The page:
Blending music and games isn’t a new idea and Rush Bros attempts to jump (literally) onto this slightly overcrowded bandwagon. In keeping with the music theme, the game goes as far as to even base the story on it. The two characters featured in the game are called ‘Bass’ and ‘Treble’ – familiar controls for anyone with a stereo bigger than their music collection, and the Electro/Techno soundtrack will also appeal to most music lovers too. Rush Bros is a platformer at heart so naturally, the two characters are a nod to Nintendo’s famous brothers. The game starts with a brief intro video with a story about how the brothers used to be partners, broke up and then decided to compete. It’s not a groundbreaking story by any means, but it’s really well animated and genuinely does seem to fit the whole theme of the game without feeling like it’s been tacked on as an afterthought.
The gameplay is as expected from a platformer. You play as one of the brothers and run and jump your way to the exit. This is where the game tries to stand out though; the whole world seems to be music-based and this also means that the traps and levels respond to the beat of the music! There are timed traps that activate to a countdown, spiky things that move in sequence, moving blocks and massive circular saws to name a few obstacles that you’ll come across. Perhaps, one of the best features of this game is that they all move to the beat. This really does add a lot, as you can go on your instinct rather than timing on when to dash across a section. This works okay, for the most part, however sometimes everything just seems to stop completely for a few seconds – if there’s a break in the music for example. This does seem to disrupt the flow of the levels, and you can find yourself waiting for something to move out of your way. Other level features are springboards that bounce you around uncontrollably (think Sonic the Hedgehog) acid pools and coloured doors that are opened by matching keys. This is plenty to keep the game interesting, although the key system often means you’ll find yourself backtracking a lot. There are also powerups that are there to help you achieve the fastest possible time in the level. Speed up which speeds your character up (not the music though) and double jump which helps you to reach higher places and makes the completion of the level less reliant on wall jumping. It’s also worth mentioning that wall jumping works pretty well (not to the standard of the N series though) although it seems to be used as a way of getting to platforms that are just slightly too high for the normal jump to reach. This seems more like a sloppy level design than an extra challenge.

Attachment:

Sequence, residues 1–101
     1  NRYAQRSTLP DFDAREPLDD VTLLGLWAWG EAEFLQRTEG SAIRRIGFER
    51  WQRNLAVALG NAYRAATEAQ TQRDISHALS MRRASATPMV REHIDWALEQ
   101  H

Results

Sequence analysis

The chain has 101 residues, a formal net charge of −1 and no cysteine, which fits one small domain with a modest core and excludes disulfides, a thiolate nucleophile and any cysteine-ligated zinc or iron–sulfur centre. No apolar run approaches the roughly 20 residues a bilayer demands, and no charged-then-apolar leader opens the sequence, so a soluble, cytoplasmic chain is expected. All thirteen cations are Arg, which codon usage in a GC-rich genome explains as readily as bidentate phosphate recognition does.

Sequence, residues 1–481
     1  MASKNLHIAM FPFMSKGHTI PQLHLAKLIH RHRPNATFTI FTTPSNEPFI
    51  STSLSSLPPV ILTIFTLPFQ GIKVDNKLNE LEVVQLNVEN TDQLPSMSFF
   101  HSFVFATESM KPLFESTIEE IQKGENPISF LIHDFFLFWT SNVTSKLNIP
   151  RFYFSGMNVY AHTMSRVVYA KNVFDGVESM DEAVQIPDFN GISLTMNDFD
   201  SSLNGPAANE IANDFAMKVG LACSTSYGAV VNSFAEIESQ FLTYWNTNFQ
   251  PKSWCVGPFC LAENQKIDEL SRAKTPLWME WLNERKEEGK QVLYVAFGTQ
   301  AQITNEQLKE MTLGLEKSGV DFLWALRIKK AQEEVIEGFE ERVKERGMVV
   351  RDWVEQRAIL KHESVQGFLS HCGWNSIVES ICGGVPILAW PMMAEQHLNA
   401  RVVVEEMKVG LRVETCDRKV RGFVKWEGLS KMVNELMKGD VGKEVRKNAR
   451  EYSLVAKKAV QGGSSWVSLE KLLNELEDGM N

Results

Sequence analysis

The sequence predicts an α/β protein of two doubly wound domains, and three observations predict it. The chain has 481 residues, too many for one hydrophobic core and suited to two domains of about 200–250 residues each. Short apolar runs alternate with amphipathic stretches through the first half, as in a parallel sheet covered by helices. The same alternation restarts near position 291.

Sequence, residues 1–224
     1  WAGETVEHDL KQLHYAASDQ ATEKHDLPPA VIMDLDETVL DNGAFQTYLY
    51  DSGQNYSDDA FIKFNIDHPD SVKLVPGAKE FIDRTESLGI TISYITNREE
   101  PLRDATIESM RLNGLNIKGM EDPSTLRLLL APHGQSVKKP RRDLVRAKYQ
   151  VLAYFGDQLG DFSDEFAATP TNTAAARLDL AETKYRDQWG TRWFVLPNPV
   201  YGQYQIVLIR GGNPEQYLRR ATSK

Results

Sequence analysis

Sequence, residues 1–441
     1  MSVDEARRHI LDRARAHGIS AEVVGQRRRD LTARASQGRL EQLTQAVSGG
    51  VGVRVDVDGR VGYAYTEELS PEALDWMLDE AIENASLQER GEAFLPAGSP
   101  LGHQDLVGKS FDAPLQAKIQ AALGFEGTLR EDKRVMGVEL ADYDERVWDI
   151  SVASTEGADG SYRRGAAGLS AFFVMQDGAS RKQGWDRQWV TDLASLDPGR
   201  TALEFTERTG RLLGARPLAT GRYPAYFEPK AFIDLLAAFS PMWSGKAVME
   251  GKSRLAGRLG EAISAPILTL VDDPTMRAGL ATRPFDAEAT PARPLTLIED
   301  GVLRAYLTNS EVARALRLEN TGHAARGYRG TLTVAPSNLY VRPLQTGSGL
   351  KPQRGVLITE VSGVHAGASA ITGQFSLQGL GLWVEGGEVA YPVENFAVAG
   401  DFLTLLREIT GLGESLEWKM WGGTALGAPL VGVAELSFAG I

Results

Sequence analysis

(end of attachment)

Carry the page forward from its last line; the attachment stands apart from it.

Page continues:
The intended audience for Rush Bros is pretty clear cut – hardcore platform fans and people who enjoy doing speedruns. The levels themselves are called ‘tracks’ and in multiplayer mode, you compete against another player to get the quickest possible time. There are no lives, except in survival mode (no checkpoints) and even most of the achievements are time-based. The game still seems fairly welcoming to new players though, and you don’t get punished for getting rubbish times – it’ll definitely happen the first few plays of a level!
The levels are mostly enjoyable, with a fairly decent learning curve. Even the last level isn’t impossibly hard – despite containing tons of spiky things which make it their mission to hunt you down mid-jump. There are around 40 levels and unfortunately, that doesn’t give a massive amount of gameplay if you’re just aiming to complete the levels, but the game’s main focus is on speed so you can spend ages getting a better time!
Despite the focus on speed, there seems to be a lack of ‘flow’ in the level designs. Maybe I’m just used to games like Rez and Bit-trip but being a game focused on music, there should be far tighter integration of how the levels are designed, how the character moves and the music. Instead, you’ll often find yourself aimlessly wall-jumping to get over the simplest objects, and backtracking is a given as the keys to the doors in the game are often scattered all over the level.
Graphically, Rush Bros looks great. There aren’t any 3D elements, which is a welcome change in a modern 2D platformer, this game really sticks to its roots. However, the backgrounds look amazing! Each level has a background of a futuristic industrial landscape, and to make it even better, it pulses along to the music. This adds a real sense of immersion and depth to the game.
The game packs plenty of features in for the price – Arcade mode for standard single-player, split-screen mode for two players on the same PC and online multiplayer to challenge any rival you might come across on steam. There’s even an option to import your own music library, so you can choose the tune you’ll be competing for.
Rush Bros is a really solid platform game. The levels look good, it’s fun to get through them and the combination of techno music and pulsating graphics really adds an extra dimension to the genre. However, the game is too short for people looking just to complete it – it focuses itself on the more hardcore gamer, looking to get the quickest time on a level. Luckily the developers seem to be continuing to support the game and I’m sure the future will bring plenty of user-created levels and mods to extend the game.
Written by Nick Bedford
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